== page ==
Healthcare IoT security solutions provider Cynerio has discovered five zero-day vulnerabilities collectively known as JekyllBot:5, which allow attackers to affect commonly used robots found in hundreds of hospitals worldwide.
Aethon TUG smart autonomous robots are designed to handle healthcare-related tasks such as distributing medication, cleaning, and transporting hospital supplies. The robots leverage radio waves, sensors, cameras and other technology to open doors, take elevators and travel throughout hospitals unassisted without bumping into people and objects. However, the technology that enables the robots to independently move around the hospital are what make their vulnerabilities so dangerous in the hands of a potential attacker.
- Disrupting or impeding the timely delivery of patient medications and lab samples essential for optimal patient care
- Interfering with critical or time-sensitive patient care and operations by shutting down or obstructing hospital elevators and door locking systems
- Monitoring or taking videos and pictures of vulnerable patients, staff, and hospital interiors, as well as sensitive patient medical records
- Controlling all physical capabilities and locations of the robots to allow access to restricted areas, interaction with patients or crashing into staff, visitors and equipment
- Hijacking legitimate administrative user sessions in the robots’ online portal and injecting malware through their browser to perpetrate further cyberattacks on IT and security team members at healthcare facilities.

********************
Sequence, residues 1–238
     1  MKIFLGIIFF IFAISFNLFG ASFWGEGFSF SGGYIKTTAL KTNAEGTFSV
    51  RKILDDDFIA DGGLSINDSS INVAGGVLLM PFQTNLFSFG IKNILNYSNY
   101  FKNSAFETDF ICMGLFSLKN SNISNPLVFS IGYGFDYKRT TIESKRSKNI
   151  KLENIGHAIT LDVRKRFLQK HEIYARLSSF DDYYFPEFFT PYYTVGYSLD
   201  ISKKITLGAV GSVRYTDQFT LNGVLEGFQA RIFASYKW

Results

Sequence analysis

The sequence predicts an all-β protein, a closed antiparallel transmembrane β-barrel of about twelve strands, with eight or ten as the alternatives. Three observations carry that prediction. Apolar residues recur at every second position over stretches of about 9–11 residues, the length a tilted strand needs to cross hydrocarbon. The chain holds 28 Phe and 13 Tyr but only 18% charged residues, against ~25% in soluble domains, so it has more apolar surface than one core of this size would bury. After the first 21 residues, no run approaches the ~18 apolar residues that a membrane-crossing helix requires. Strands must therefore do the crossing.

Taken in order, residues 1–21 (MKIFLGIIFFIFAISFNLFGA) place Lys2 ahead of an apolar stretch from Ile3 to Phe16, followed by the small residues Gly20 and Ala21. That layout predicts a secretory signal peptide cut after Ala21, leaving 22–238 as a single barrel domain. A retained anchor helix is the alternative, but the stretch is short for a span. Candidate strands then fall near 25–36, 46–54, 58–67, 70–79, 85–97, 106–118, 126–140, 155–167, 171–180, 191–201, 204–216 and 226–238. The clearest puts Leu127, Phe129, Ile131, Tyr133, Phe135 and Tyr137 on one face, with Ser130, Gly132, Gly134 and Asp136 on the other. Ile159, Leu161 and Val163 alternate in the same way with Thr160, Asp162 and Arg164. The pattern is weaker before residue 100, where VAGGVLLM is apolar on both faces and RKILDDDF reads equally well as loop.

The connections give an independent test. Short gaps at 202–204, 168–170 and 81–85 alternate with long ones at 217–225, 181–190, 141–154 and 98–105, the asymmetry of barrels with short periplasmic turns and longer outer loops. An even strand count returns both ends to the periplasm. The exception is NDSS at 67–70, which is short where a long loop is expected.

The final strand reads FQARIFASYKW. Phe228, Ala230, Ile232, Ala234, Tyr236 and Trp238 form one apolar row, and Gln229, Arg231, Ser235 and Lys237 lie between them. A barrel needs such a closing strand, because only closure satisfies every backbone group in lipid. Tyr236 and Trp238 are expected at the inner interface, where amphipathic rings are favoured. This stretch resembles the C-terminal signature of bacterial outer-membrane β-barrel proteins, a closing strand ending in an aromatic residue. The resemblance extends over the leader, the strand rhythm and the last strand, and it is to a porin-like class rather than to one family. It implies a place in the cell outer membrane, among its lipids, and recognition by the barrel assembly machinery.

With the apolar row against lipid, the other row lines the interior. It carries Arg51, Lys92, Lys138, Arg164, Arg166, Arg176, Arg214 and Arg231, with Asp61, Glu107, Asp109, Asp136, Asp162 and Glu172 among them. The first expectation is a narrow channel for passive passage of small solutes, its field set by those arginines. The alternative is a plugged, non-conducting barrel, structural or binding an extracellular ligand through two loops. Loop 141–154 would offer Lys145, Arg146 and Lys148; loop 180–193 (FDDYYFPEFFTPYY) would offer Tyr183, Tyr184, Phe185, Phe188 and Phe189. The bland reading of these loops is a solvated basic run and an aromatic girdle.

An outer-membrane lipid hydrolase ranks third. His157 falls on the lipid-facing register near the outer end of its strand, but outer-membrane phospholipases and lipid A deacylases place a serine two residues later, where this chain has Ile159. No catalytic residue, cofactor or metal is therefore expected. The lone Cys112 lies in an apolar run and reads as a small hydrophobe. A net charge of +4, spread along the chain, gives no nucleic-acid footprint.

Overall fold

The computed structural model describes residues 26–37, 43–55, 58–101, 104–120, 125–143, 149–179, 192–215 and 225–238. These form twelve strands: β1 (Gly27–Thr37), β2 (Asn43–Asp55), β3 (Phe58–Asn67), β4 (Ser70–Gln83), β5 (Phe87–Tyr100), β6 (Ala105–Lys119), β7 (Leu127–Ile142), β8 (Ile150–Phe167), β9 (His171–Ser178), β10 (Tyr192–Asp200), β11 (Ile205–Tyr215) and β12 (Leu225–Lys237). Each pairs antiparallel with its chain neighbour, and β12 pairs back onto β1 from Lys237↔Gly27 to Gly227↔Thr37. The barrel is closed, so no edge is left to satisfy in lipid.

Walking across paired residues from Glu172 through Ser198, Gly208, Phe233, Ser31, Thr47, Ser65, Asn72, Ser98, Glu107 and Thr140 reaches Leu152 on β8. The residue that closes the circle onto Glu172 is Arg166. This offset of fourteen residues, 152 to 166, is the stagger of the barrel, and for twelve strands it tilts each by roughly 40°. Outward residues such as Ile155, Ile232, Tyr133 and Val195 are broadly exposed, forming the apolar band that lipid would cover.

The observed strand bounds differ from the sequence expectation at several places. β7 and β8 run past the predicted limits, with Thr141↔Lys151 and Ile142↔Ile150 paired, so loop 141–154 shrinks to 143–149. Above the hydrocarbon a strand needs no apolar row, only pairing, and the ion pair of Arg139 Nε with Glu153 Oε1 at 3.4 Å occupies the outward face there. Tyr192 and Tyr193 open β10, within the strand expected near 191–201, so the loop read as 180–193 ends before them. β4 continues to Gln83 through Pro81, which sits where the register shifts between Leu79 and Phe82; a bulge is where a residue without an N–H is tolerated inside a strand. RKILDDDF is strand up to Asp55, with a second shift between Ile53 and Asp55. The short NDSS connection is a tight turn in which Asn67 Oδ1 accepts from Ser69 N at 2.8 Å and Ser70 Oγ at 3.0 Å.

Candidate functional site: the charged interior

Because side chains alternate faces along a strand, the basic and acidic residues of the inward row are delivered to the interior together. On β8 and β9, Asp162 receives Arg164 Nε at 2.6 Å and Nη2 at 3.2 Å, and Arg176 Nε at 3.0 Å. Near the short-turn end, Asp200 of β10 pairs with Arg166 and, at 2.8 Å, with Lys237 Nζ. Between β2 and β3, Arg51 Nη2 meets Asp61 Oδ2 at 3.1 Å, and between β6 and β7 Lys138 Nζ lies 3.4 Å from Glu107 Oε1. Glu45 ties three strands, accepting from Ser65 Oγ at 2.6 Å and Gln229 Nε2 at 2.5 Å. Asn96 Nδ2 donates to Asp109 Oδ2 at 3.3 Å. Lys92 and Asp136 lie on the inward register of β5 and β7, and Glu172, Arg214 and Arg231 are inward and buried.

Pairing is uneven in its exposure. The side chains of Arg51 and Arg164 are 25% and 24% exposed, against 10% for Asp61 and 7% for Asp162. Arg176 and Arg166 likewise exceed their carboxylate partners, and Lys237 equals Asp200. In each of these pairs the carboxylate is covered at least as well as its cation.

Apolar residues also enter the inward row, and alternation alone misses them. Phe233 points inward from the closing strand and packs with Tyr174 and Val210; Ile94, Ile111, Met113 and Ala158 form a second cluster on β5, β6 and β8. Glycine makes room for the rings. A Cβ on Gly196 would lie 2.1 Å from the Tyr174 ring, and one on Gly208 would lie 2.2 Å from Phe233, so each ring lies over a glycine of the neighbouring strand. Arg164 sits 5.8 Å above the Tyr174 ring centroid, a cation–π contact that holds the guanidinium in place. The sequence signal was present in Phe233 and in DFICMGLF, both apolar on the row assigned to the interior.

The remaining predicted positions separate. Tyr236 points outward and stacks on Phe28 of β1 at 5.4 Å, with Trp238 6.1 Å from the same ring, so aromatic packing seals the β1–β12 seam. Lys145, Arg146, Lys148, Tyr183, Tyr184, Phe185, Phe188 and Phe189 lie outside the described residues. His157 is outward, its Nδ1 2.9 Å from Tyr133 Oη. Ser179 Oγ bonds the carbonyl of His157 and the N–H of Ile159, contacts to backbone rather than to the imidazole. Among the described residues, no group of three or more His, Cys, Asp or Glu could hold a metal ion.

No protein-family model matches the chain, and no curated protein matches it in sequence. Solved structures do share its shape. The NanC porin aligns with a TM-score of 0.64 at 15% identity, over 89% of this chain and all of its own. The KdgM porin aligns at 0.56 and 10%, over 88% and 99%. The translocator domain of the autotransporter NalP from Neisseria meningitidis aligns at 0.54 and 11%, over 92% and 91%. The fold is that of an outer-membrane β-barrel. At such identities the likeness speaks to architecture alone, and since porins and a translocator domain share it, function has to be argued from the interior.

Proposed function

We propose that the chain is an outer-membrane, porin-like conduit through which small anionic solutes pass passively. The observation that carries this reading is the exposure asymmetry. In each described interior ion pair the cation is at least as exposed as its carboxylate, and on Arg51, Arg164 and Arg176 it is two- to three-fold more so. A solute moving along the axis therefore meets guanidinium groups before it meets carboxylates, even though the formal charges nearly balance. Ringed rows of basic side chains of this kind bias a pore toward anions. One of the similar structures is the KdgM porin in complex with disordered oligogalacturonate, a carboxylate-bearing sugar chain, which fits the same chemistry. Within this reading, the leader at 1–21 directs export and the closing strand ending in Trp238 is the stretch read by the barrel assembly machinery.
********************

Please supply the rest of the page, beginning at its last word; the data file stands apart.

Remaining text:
“These zero-day vulnerabilities required a very low skill set for exploitation, no special privileges, and no user interaction to be successfully leveraged in an attack,” says Asher Brass, lead researcher on the JekyllBot:5 vulnerabilities and Head of Cyber Network Analysis at Cynerio. “If attackers were able to exploit JekyllBot:5, they could have completely taken over system control, gained access to real-time camera feeds and device data, and wreaked havoc and destruction at hospitals using the robots.”
The JekyllBot:5 vulnerabilities have been mitigated by the device manufacturer following Cynerio’s disclosure of the risks through the CISA Coordinated Vulnerability Disclosure process. Several patches have been applied to the robot fleets at each Aethon customer hospital, including one major patch that required replacing firmware and an operating system update for robots at some hospitals. In addition, Aethon was able to update the firewalls at particular hospitals known to have vulnerable robots so that public access to the robots through the hospitals’ IP addresses was prevented as the fixes were rolled out.
“Hospitals need solutions that go beyond mere healthcare IoT device inventory checks to proactively mitigate risks and apply immediate remediation for any detected attacks or malicious activity,” says Leon Lerman, founder and CEO of Cynerio. “Any less is a disservice to patients and the devices they depend on for optimal healthcare outcomes.”